An improved ls for xonsh, inspired by lsd

emojis, ls, lsd, python, terminal, xonsh, xontrib
pip install xontrib-xlsd==0.1.3



An improved ls for xonsh, inspired by lsd

  1. How to install xontrib-xlsd
  2. Features
  3. Customizing

How to install xontrib-xlsd

Release version

Install the xontrib

xpip install xontrib-xlsd

And load it in your .xonshrc:

xontrib load xlsd

From git (might be unstable)

xpip install git+

And load it in your .xonshrc:

xontrib load xlsd


  • Emojis
  • Colors
  • A tree-like display when called recursively
  • Customizable
  • Written in python so it doesn't need to run a separate binary



Registering an icon

In xlsd, icons are registered using a name. The name is then used by the different rules to get an icon for an os.DirEntry.

You can view the built-in icons in xlsd/

Here is how to add an icon (for example a rainbow). Put this in your .xonshrc

import xlsd.icons

xlsd.icons.LS_ICONS.add('rainbow', "🌈")

Icon sources can now use your fancy icon.

You can also override built-in icons this way.

Extension based icon source

The extension based rules are the fastest to run, and thus are the prefered way of setting icons.

For example, to use your previously defined rainbow icon as the icon for .txt files, you can add the following snippet in your .xonshrc:

import xlsd.icons

xlsd.icons.EXTENSION_ICONS.insert(0, ({'txt'}, 'rainbow'))

Libmagic based icon source

IMPORTANT NOTE: This source seems to only work on Arch Linux systems at the moment.

The libmagic (used by the file command on *nix) based rules are slower, but allow getting an icon when no extension matched.

For example, here we're going to use the xonsh icon for all folders. Add the following snippet in your .xonshrc:

import xlsd.icons

xlsd.icons.MIMETYPE_ICONS.insert(0, ("inode/directory", 'xonsh'))

Note that this won't work unless you set the icon source order with libmagic as the first source, since the extension source already defines an icon for directory entries.

Creating a custom icon source and changing the order

The following snipped registers a new icon source (that simply returns the xonsh icon for everything), and makes it the first checked source. Put this in your .xonshrc.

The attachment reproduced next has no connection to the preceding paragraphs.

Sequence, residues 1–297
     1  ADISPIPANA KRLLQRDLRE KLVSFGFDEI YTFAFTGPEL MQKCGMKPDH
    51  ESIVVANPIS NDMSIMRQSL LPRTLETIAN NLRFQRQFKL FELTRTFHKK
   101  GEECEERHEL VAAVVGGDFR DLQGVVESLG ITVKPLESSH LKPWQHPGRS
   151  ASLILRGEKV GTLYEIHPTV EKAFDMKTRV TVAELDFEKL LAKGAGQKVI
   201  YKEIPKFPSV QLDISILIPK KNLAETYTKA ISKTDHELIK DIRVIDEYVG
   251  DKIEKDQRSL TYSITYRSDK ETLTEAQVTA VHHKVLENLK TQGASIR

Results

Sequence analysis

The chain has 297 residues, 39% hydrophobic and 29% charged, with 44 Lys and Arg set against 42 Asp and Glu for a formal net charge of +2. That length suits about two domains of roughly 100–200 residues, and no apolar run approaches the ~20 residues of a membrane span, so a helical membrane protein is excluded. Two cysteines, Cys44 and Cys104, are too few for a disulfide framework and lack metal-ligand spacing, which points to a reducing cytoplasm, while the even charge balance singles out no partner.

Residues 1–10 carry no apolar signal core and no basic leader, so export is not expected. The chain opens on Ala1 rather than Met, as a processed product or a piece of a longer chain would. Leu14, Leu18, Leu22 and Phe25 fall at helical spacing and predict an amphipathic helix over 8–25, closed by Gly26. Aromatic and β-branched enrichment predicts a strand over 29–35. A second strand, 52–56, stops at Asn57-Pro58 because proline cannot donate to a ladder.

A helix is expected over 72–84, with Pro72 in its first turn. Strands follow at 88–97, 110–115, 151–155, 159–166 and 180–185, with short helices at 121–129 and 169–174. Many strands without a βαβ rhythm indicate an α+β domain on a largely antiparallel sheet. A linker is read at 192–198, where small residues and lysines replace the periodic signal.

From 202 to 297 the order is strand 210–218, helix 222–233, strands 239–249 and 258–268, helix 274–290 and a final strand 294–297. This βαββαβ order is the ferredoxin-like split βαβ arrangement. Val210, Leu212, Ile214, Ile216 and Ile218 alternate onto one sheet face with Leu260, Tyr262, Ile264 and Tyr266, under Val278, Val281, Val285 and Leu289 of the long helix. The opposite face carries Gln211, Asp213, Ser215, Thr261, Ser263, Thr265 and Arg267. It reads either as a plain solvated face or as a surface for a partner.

def my_icon_source(direntry):
    return 'xonsh'

$XLSD_ICON_SOURCES = ['my_source', 'extension', 'libmagic']

File order

Setting the file order

In your .xonshrc, define a $XLSD_SORT_METHOD environment variable with one of the following values:

  • "directories_first": The default: alphabetical order, with directories first
  • "alphabetical": Simple alphabetical order
  • "as_is": The default order of your OS.

Creating your own sort function

You can create a simple alphabetical (case sensitive) sort function with the snippet:

import xlsd

def my_sort_method(entries):
    entries.sort(key=lambda e:
    return entries

-l mode columns

Changing the columns/the order

In your .xonshrc, define a $XLSD_LIST_COLUMNS environment variable and set it's value to your desires.

The default value (similar to coreutil's ls) is the following:

$XLSD_LIST_COLUMNS = ['mode', 'hardlinks', 'uid', 'gid', 'size', 'mtime', 'name']

All the built-in columns are used in this config.

Writing your own column

A column is a function taking for only argument an os.DirEntry and that outputs a string.

A simple filename column could be registered like this:

@xlsd_register_column('filename', ColumnAlignment.LEFT)
def _xlsd_column_filename(direntry):


There are multiple colors/text effects that you can change in xlsd.

The full list of used colors is available in xlsd/

Here is a small example: we're going to make the size unit in -l mode appear red.

import xlsd

xlsd.COLORS['size_unit'] = '{INTENSE_RED}'

You can use any valid xonsh color.

For a quick list of colors/text effects, check out the xonsh tutorial on colors.